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by Amy Bradley
My son, a first grader, can’t wait to tell his teacher and classmates about his Winter Break fun! We got new foster kittens, went on a few outings together, and snuggled up in our warm living room when it got bitterly cold outside. When it warmed up enough, we all bundled up in winter gear that fit us to enjoy sledding and trekking around the neighborhood. We talked to multiple friends who had just returned from Disney World. We ate special foods.
Many of my colleagues probably had similar breaks with warmth and comforts. But when I go back to school next week, I will not assume that my students had any of these experiences. I will not ask any student, “How was your break?” because I know that many of them cannot casually answer that question with a few simple words or anecdotes. I have had enough of the long conversations following breaks to understand what every teacher should know: school is often the break – from hunger, cold, boredom, and other hardships.
Family homelessness looks different across the country, but many aspects of the experience are shared. Teachers and educators will relate best to all of their students if they grasp some common situations that homelessness can present.
1. Families often get kicked out of a shared living arrangement after major holidays, so some students will be newly settled in a shelter after break.
People open their homes to others for limited times, and post-holidays are often when that arrangement expires.
How does this inform us when we return to the buildings? We can observe any changes that may have occurred in our students and make sure to connect them to helpful resources. For example, if a student has moved to a shelter, you may connect them to your local Homeless Liaison for transportation and other assistance.
“We can keep the focus off of gifts, trips, and other experiences that can exclude some young people. By asking more inclusive questions, everyone is better able to connect with each other.” Why I Don’t Ask, “How was your break?” Click To Tweet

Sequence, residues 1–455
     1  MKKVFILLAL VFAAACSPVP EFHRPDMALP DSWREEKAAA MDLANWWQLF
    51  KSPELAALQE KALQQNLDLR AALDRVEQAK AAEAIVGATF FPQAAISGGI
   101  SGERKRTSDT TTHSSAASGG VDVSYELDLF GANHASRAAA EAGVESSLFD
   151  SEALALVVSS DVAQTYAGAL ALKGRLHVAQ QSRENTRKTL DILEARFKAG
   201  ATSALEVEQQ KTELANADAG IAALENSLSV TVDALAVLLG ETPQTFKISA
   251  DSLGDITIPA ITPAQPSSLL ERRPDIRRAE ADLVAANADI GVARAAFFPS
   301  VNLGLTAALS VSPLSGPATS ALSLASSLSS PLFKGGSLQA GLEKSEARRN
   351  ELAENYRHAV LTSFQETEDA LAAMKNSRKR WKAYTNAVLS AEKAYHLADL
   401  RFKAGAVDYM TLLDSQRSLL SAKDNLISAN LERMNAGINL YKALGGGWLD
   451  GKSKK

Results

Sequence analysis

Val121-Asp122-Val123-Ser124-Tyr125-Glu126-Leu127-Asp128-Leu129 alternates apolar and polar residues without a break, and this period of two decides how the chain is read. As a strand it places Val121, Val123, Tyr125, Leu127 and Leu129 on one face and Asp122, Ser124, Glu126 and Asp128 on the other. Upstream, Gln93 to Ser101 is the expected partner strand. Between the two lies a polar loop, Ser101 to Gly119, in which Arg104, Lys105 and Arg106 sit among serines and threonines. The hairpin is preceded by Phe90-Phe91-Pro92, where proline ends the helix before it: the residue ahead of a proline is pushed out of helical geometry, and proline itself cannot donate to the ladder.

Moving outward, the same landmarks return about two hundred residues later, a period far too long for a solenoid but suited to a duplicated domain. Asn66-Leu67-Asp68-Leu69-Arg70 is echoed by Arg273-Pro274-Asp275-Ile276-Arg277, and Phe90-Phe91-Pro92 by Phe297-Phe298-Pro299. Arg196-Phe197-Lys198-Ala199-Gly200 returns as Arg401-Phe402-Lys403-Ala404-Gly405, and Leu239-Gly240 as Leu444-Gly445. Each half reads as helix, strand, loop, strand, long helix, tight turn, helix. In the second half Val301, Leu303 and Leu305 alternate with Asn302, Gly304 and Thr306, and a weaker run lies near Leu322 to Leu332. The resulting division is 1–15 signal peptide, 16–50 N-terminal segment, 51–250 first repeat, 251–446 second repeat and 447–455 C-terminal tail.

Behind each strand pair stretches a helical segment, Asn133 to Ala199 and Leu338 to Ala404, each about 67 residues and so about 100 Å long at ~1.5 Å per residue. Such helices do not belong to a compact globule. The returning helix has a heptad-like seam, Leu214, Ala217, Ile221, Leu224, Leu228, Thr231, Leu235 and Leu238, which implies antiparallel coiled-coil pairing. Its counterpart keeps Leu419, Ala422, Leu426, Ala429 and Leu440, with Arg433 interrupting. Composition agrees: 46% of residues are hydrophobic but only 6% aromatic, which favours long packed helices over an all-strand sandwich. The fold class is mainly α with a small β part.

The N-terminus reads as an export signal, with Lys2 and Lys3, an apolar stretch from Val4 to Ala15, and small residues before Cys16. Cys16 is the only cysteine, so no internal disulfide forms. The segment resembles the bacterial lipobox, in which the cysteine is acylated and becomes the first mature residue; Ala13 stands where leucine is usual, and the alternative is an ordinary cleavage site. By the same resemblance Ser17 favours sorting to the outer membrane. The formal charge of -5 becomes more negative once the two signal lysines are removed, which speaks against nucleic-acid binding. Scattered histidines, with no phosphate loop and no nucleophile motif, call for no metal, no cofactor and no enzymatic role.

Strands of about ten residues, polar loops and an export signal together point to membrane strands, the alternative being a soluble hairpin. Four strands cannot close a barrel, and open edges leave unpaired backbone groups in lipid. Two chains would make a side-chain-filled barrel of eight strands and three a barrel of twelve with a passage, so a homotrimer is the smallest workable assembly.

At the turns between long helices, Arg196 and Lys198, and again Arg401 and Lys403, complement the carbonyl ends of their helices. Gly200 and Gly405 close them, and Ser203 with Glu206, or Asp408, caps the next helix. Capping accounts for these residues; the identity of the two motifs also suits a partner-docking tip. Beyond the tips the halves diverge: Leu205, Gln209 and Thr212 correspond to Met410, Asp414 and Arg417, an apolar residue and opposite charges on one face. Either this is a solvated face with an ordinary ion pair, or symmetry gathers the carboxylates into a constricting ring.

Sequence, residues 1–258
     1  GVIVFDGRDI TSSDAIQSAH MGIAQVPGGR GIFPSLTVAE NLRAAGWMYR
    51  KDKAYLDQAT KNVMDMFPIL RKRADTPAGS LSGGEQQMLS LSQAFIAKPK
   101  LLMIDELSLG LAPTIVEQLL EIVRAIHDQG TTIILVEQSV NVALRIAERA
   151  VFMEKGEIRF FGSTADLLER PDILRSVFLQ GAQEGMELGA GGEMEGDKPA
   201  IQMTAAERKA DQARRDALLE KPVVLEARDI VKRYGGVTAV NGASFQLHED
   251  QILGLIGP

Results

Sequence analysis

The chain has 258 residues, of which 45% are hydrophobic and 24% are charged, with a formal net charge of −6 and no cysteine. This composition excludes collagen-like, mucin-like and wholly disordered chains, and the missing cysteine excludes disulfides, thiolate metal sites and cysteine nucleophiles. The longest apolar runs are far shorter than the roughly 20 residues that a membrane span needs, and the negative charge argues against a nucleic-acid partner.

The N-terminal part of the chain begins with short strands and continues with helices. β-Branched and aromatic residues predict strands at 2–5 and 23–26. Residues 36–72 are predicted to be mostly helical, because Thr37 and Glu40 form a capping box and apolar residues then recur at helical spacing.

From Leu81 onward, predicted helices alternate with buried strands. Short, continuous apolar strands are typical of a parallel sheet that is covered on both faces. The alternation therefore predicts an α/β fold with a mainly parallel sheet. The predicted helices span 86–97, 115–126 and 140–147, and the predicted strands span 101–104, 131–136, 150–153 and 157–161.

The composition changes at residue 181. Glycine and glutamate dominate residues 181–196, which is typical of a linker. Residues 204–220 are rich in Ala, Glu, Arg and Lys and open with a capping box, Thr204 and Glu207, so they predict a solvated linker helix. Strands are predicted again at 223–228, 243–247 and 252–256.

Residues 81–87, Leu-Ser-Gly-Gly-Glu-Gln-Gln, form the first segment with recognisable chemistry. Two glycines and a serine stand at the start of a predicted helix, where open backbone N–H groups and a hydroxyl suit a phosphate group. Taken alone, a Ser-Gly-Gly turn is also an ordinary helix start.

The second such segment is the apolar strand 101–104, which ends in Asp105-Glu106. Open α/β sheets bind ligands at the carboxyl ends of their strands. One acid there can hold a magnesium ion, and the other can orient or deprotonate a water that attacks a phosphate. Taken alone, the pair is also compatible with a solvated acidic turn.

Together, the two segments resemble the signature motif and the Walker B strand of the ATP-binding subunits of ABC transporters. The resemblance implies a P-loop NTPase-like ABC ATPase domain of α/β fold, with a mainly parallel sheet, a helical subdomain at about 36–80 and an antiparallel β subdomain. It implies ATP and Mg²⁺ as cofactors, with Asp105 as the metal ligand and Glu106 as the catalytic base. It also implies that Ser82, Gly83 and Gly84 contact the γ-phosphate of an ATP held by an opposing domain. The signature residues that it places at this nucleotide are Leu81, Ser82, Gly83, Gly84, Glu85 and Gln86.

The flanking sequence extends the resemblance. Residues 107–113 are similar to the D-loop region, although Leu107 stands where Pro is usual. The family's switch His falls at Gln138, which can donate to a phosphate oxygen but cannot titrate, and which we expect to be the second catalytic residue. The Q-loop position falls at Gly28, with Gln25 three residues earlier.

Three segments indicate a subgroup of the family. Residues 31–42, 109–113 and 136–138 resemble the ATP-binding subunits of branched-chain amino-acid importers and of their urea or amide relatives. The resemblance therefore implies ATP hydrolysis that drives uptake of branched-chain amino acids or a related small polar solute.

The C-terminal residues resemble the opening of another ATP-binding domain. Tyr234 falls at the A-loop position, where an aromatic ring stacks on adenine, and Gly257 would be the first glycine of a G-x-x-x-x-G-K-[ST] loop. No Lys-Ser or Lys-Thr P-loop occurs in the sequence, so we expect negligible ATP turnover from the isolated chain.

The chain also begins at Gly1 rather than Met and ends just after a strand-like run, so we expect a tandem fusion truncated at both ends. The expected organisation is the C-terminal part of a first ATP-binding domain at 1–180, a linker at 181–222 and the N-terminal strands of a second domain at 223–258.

2. Food was likely irregular.
Some shelters serve food three times a day, predictably. It is also often the case that food is only to be accessed at specific times and that residents need to be gone from the building all day. This means that lunch may be skipped and that dinner could be during a parent’s work schedule and gets missed. Snacks are often prohibited to keep any pests away, so it can be challenging for families to navigate regular eating while in a shelter.
For those living in hotels, it can be difficult to prepare or store food. And for people who are “doubled-up” or living with others, they may not be allowed to access all of the kitchen spaces or equipment to avoid irritating their hosts.
What can we do about this when our students return? Most schools connect kids with breakfast and lunch, but if your school’s system needs a tune-up on making sure kids eat (say, when a bus is late), keep an eye out and get them fed. If you’re a first-period teacher, make sure they’re eating.
3. Many typical winter activities are difficult for families experiencing homelessness to access.
Sledding and building snowmen are for those with quality, fitting gloves and boots to wear in neighborhoods where caregivers feel safe to have children play. Even things like special light displays require payment and may not be a common sight for your students. When families are experiencing homelessness, they may not be able to afford the winter gear and decorations because the focus is on providing more basic needs.
Inclusive Alternatives to “How was your break?”
To be inclusive of the varied experiences my students had, I will not ask, “How was your break?” but will instead say, “It’s great to see you” or “I’m glad to be back with you all.” I may follow up with “Did you do anything special?” to be inclusive of all sorts of possible responses. If I ask students to share something from the break with the class, I make it broad, such as “tell about someone special you saw over break.” At least while they’re in my classroom, we can keep the focus off of gifts, trips, and other experiences that can exclude some young people. By asking more inclusive questions, everyone is better able to connect with each other.
Students and families who experience homelessness live in communities across the country. They live in cities and rural towns. They’re in basements of relatives, garages of the willing, stuffed into small hotel rooms, or on cots at the shelter. They are your students.
As we prepare to go back to our schools after the new year, we need to be mindful of what “break” has meant to others. We can watch for changes in our students, get them connected with school food and use inclusive language and activities to avoid alienating those who experienced homelessness and other hardships.
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